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FOOD
January 12, 2005 | Barbara Hansen, Times Staff Writer
Dear SOS: Beacon in Culver City serves a very delicious cod with a sweet miso sauce. I can't help but order it, or share it, whenever I am there, and I would love the recipe. Farrel Jane Levy Los Angeles Dear Farrel: Chef Kazuto Matsusaka of Beacon, where the menu is California-Asian, serves this moist, delicately flavored cod with warm green beans in a rice vinegar and oil dressing.
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NEWS
December 19, 2012 | By Betty Hallock
Holiday traffic, gift shopping, partying…. It's a relief to slow down with a good cookbook that reflects an idyllic life on a farm in northern  Japan , where the cooking revolves around food that's grown at home and prepared simply. “ Japanese Farm Food ” by Nancy Singleton Hachishu, who moved from California to Japan and ended up marrying a farmer and living in his ancestral home two hours from Tokyo, is a transporting respite. The book opens with a description of her Japanese farmhouse kitchen, a place of wood posts and beams, filled with her collection of 100-year-old baskets and bowls.
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FOOD
May 29, 2002 | DONNA DEANE, TIMES STAFF WRITER
Rich mayonnaise or oily vinaigrettes often make coleslaws heavy. But this light Japanese-style coleslaw, made with the aromatic shiso leaf, needs only one teaspoon of oil. Nappa cabbage, green onions and rice vinegar boost the slaw's flavor too. And if you pour the dressing over the vegetables just before serving, the slaw stays crisp. Shiso leaves, sometimes used in sushi, might be called perilla in Japanese and Asian markets. Cover the leaves with plastic wrap and refrigerate for best results.
FOOD
July 1, 2009
Total time: 1 hour, 45 minutes, plus chilling time for the chicken Servings: 6 Note: The degree of heat in the sauce is determined by the amount of tobanjan (hot Chinese miso paste) or la yu (hot Chinese chile oil) you use. You can also omit these seasonings and simply make a ginger sesame sauce. Alternatively, the soy-mirin dipping sauce used for the iced somen noodles with eggplant can also be served with this recipe as a second sauce, in which case you will need deeper serving bowls.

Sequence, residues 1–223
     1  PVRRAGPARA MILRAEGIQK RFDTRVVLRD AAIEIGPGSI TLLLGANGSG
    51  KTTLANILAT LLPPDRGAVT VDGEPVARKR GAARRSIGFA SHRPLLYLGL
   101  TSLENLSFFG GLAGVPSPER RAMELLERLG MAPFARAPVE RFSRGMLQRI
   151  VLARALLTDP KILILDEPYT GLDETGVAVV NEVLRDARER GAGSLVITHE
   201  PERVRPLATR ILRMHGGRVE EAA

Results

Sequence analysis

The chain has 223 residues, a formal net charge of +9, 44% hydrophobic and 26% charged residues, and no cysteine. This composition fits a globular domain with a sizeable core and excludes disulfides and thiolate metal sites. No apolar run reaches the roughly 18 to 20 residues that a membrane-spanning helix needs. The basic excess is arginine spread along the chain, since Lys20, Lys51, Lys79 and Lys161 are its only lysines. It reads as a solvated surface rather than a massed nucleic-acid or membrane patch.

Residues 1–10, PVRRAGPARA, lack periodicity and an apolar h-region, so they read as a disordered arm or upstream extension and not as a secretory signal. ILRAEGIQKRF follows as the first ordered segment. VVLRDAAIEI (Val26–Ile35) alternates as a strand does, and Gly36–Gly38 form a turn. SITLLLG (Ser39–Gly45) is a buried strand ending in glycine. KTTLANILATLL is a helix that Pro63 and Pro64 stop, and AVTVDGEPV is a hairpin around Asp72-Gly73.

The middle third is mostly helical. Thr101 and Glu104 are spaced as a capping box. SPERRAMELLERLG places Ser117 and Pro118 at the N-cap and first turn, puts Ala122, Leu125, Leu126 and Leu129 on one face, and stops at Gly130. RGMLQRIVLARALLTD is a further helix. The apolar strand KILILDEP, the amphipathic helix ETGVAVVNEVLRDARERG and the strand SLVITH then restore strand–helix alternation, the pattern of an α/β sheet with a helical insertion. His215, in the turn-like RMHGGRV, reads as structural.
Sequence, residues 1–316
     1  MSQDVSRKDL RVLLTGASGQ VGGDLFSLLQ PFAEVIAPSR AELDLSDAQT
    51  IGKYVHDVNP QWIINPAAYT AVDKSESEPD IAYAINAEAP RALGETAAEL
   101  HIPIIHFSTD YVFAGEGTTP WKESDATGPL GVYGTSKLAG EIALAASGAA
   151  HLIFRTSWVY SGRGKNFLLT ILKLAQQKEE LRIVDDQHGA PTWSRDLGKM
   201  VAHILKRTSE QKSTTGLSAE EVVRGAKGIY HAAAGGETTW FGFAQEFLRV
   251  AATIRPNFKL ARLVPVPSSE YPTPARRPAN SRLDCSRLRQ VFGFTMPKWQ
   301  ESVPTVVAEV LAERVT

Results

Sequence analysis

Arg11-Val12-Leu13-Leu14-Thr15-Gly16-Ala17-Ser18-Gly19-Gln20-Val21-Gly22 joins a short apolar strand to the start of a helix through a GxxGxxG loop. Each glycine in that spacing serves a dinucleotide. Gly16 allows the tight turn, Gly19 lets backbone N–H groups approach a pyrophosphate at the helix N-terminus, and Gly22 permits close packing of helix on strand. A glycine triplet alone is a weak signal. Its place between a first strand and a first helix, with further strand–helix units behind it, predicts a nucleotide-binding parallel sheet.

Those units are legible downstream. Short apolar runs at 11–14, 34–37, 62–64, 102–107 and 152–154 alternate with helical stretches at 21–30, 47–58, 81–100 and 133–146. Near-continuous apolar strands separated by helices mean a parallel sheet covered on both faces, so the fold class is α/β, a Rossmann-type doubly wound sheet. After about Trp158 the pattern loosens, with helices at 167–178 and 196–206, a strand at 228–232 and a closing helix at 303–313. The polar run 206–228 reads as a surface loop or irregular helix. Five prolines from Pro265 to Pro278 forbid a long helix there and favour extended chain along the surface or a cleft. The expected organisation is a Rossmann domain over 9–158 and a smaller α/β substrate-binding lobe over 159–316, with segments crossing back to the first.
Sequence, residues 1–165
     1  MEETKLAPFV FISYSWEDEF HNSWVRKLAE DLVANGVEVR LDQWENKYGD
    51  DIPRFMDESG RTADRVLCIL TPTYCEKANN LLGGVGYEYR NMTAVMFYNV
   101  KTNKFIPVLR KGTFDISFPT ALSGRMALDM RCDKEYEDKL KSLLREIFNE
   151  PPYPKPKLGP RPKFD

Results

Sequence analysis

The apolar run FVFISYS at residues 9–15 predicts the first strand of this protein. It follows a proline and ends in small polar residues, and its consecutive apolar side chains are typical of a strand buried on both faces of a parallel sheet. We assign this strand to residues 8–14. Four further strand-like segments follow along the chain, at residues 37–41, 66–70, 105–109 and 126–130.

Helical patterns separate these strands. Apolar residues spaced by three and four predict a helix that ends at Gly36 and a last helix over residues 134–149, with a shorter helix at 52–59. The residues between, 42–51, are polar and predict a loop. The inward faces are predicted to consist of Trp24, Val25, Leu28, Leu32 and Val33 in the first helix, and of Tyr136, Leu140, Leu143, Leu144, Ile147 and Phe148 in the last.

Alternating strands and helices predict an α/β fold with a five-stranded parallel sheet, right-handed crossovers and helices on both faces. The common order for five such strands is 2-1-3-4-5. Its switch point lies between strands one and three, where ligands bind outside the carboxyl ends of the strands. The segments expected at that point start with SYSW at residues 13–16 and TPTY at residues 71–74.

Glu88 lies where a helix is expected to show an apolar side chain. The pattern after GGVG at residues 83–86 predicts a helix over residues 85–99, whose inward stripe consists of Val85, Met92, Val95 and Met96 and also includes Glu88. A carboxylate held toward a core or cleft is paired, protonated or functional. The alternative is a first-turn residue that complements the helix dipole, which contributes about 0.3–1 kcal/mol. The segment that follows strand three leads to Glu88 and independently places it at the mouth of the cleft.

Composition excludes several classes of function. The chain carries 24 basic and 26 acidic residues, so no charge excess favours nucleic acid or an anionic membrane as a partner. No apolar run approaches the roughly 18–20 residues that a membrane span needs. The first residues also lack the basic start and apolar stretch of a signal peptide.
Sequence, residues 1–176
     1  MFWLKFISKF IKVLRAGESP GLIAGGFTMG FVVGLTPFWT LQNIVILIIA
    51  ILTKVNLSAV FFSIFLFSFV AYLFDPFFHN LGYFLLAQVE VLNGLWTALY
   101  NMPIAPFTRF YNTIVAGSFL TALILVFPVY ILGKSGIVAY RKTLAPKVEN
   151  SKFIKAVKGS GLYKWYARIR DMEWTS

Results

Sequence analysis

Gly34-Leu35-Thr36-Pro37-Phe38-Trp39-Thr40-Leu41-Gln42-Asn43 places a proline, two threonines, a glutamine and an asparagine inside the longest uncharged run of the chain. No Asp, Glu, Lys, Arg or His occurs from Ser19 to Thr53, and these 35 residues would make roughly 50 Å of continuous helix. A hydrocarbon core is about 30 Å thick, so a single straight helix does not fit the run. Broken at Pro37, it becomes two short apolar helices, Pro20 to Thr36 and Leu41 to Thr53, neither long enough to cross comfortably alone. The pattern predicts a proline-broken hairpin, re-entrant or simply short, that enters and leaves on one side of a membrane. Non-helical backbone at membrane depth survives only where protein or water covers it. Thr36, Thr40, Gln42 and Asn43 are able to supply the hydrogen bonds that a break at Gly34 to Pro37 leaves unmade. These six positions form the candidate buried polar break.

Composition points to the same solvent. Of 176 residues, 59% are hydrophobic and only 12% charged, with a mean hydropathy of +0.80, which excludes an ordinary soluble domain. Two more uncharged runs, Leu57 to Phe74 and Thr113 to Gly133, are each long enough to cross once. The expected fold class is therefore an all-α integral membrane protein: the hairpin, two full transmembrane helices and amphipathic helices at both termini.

FOOD
December 17, 1987 | DIANA SHAW, Shaw is free-lance writer in Los Angeles.
It takes more than a few hearty holiday meals to spoil my appetite. But that's about all it takes to ruin the effect of the clothes I bought to wear to the season's social events. So, between feasts, I'm stuck trying to satisfy my hunger without stressing my seams. Enter vegetable sushi: crunchy carrots and cucumbers with creamy avocado and tofu, nestled in pungent rice, rolled in crispy-sea-salty nori, and dipped in a tangy sauce. It's one "diet" dish that doesn't smack of deprivation.
FOOD
August 6, 1997 | MARION CUNNINGHAM
There's truth even in the kitchen to the old saw "it's the little things in life that count." These two recipes are good cases in point. Take the Chicken Vinegar Saute. When I came across this old favorite in my file, its simple preparation made it seem like a dish tailored for today. I remembered the vinegar sauce giving a pleasing sparkle to the chicken, but when I made it using red wine vinegar, it was too acidic; the vinegar swamped the flavor of the chicken.
FOOD
April 26, 2000 | MARION CUNNINGHAM
With the addition of toasted cheese sandwiches, this rice would make a good hot supper dish. Or it could be served as a filling cold salad on a warm summer evening. Refried in a little olive oil and topped with some grated cheese, it could be still another pleasing meal. Cunningham's newest book is "Learning to Cook With Marion Cunningham" (Alfred A. Knopf, 1999).
FOOD
January 8, 1987 | JOAN DRAKE, Times Staff Writer
Question: In this column on Oct. 9 you answered a query about calamari steaks. You said they are filleted and tenderized squid. Could you possibly expand on this? I have never seen a squid large enough to make one of the calamari steaks sold in the supermarkets. Are they some kind of special squid, or is the process similar to the one where they make the imitation crab? Many thanks for any additional light you can throw on this subject.
FOOD
January 30, 1992 | CHARLES PERRY, TIMES STAFF WRITER
Michael Feig had been through the experience of working for somebody else. He'd spent a couple of years as day chef at Ma Maison and taught at the restaurant's cooking school, Ma Cuisine. So in 1987 he opened a catering business of his own. To subsidize it, he started a farm to supply restaurants with the herbs he knew chefs had a hard time finding. Actually, calling Country Fresh Herbs a farm was going a little far at the time--it was just Feig's back yard, planted with herbs, mostly basil.
FOOD
July 23, 2008
  Total time: 20 minutes, plus softening and pickling time Servings: Makes about 2 cups 2 bunches radishes (about 3/4 pound with tops removed) 1 tablespoon plus 1/4 teaspoon kosher salt, divided 1 teaspoon whole mustard seed 1/2 teaspoon whole black peppercorns 3/4 cup rice vinegar 1 tablespoon sugar 1. Trim the tops and tails of the radishes and quarter them lengthwise. In a large, nonreactive bowl, toss them with 1 tablespoon kosher salt to coat well.
FOOD
July 23, 2008